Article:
Prices for Arabica coffee in July 2021 surged to the highest levels since November 2014, severe frost hit Brazilian coffee farms, and concerns grow over weather phenomena in numerous producing countries
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We have already talked about the weather conditions in Brazil, and the following – which is is an excerpt from the ICO market report of July 2021 – focuses mainly on the prices of Arabica coffee and on the severe frost that hit Brazil:
Coffee prices continued to increase in July 2021, with the Arabica variety reaching its highest levels since November 2014, as concerns grew about the current and future availability of many origins, especially the world’s largest producer, Brazil, which suffered a severe frost on July 20. As a result, market volatility increased. The monthly average of the ICO composite indicator reached 152.24 US cents/lb in July 2021, its highest level since 162.17 US cents/lb recorded in November 2014. Compared with the monthly average in October 2020, the beginning of the current coffee year, the level reached in July 2021 represents an increase of 43.8%.
Prices of all four groups of coffee have recorded substantial increases. This upward trend of coffee prices over the first 10 months of coffee year 2020/21 seems to confirm a net recovery from the low-price levels that have dominated the world market since coffee year 2017/18. The price performance has also been driven by brighter prospects for demand, as pandemic-related restriction measures are being removed in major consuming markets and the development of vaccination programmes is enabling a progressive return to normal economic activity.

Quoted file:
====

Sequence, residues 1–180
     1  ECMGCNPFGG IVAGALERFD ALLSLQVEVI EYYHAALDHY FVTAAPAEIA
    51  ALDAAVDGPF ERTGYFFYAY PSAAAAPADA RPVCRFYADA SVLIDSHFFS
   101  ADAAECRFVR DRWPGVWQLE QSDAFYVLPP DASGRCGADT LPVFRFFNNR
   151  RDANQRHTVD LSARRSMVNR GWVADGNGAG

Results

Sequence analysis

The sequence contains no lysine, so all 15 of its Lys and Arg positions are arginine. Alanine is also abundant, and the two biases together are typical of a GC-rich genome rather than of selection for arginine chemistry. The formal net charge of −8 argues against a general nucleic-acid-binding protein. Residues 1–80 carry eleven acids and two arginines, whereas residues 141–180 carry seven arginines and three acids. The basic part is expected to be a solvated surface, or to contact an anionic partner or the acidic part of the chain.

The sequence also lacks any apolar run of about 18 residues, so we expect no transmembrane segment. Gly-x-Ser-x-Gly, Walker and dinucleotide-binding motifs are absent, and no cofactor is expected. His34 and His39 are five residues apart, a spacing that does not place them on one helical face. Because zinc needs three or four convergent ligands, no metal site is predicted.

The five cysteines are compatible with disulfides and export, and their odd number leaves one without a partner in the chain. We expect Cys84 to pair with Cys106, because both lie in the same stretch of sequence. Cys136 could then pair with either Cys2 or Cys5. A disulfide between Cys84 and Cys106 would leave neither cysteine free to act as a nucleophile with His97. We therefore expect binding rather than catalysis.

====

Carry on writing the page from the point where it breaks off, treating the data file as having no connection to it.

In terms of market fundamentals, exports of all forms of coffee by all exporting countries to all destinations totalled 11.2 million 60-kg bags in June 2021, an increase of 4.1% compared with 10.8 million bags in June 2020. The level of total exports in June 2021 mirrored the volume of 11.2 million bags recorded in June 2019, before the pandemic. Social unrest affecting transportation logistics in some origins, particularly Colombia, has ended.
Moreover, with the gradual introduction of vaccination programs, covid-19 pandemic-related restriction measures affecting people’s movement have been eased in many exporting countries. Total exports of all forms of coffee over the first nine months of coffee year 2020/21 amounted to 98.6 million bags, an increase of 2.5% compared with 96.1 million bags during the same period in coffee year 2019/20. Cumulative exports from July 2020 to June 2021 are estimated at 129.7 million bags, an increase of 0.6% compared with the 129 million bags recorded from July 2019 to June 2020.
World consumption for coffee year 2020/21 is projected at 167.58 million bags, an increase of 1.9% on its level of 164.43 million bags in coffee year 2019/20. The projection for total production in coffee year 2020/21 remains unchanged at 169.60 million bags, 2 Coffee Market Report – July 2021 representing a 0.3% increase on 168.94 million bags harvested in coffee year 2019/20. However, with substantial reduction of output from Brazil and many other origins affected by climate-related shocks, combined with increasing demand, the supply/demand ratio is expected to reverse from coffee year 2021/22 onward.
ICO. (2021). Coffee Market Report July 2021. Retrieved from https://www.ico.org/documents/cy2020-21/cmr-0721-e.pdf
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